Fault Current Impact on Conductor Sizing
Could you please explain the impact of fault currents on conductor insulation, terminals and the conductors
itself? Could you give examples that we can all relate to?
Response No. 1
Every piece of electrical apparatus has a short-circuit withstand rating. It can carry only so much
current for so much time before it is damaged. For example, bus duct may have a short-circuit rating
of 50,000 amperes for three cycles. If 75,000 amperes were to flow through the bus for three cycles,
it might be damaged. Or. If 50,000 amperes flow for 12 cycles, it might also be damaged. Nationally
Recognized Testing Labs such as UL often take short-circuit withstand ratings into account when they
test products. In our example above, the short circuit test on the busway would likely include the
overcurrent device. So, the busway might be tested at 100,000 amperes when protected by an 800 ampere
Class L fuse. If the busway passed the test, it would be marked as suitable for use on a circuit capable
of delivering 100,000 amperes when protected by a Class L fuse of no greater than 800 amperes.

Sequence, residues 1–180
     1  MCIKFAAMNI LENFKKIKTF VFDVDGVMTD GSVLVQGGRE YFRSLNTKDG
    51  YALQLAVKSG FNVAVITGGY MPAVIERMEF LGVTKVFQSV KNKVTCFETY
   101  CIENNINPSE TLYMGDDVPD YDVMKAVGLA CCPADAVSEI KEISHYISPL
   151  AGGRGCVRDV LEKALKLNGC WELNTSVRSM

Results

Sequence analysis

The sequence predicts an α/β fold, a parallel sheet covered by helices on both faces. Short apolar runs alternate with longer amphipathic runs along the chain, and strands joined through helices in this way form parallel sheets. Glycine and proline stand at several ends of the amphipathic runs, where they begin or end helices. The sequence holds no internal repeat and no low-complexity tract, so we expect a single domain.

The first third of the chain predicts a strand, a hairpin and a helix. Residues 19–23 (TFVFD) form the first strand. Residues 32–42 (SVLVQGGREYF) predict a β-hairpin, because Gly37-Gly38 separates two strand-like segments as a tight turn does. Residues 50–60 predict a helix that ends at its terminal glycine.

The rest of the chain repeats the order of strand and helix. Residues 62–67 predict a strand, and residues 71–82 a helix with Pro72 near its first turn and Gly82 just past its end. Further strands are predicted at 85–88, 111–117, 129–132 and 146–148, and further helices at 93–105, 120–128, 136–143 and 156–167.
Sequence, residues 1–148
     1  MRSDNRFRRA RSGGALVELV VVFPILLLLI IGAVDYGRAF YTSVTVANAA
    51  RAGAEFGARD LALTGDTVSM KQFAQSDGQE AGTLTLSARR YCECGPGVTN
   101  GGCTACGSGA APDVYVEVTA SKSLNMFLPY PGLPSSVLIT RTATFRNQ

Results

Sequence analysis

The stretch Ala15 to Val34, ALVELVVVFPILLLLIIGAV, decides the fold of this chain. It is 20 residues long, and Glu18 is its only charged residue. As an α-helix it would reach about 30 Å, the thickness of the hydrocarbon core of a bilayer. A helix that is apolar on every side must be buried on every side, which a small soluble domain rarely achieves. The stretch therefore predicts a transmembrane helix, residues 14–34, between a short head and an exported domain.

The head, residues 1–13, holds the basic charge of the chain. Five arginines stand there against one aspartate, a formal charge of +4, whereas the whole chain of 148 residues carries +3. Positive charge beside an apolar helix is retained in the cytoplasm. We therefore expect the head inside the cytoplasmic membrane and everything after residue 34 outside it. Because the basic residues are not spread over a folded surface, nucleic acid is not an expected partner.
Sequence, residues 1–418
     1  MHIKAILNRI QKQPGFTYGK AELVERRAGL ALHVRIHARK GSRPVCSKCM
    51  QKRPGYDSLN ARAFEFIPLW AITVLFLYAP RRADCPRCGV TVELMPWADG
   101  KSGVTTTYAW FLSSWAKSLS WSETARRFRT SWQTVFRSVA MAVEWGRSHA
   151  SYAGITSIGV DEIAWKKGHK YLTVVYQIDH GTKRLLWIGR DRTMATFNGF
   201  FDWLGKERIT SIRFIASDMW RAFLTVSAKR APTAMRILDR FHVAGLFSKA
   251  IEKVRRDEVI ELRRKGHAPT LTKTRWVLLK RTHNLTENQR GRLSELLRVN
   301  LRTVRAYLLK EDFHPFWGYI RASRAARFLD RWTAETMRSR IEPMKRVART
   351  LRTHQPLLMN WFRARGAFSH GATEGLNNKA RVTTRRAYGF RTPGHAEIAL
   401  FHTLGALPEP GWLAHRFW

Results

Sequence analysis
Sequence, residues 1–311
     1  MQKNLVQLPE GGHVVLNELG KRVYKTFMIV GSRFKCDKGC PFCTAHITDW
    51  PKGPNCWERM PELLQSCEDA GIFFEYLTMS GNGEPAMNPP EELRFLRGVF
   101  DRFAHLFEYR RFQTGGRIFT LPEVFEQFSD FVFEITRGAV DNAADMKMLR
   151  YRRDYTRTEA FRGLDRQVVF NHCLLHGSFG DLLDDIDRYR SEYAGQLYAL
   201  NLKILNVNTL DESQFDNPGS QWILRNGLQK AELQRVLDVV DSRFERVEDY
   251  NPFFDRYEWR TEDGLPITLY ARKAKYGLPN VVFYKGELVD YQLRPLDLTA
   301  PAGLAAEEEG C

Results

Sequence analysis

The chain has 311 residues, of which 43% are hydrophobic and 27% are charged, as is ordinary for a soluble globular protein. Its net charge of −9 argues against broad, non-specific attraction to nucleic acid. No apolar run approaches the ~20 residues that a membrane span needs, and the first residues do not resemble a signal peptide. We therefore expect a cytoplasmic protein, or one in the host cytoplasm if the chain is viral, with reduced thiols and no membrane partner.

When we look at conductor protection, there are three levels that need to be considered. The first
level is protection for the insulation. ICEA (Insulated Cable Engineers Association) has published
charts showing how much current for how much time it takes to begin damaging insulation. For example,
if a copper conductor with 75-degree C insulation reaches 150 degrees C., the insulation will begin
to be damaged. The second level is the "validity" or annealing level. It is for the point where the
metal conductor begins to anneal, and therefor, after cooling down, it no longer is tight under the
terminals or lugs. For example, copper begins to anneal at about 250 degrees C. If the conductor should
carry enough current for a long enough time to reach 250 degrees C, when it cooled down, it would
not be tight under the lugs. This second rating is especially important for the protection of equipment
grounding conductors. This was the basis for some of the Eustice Soares work. The third level of protection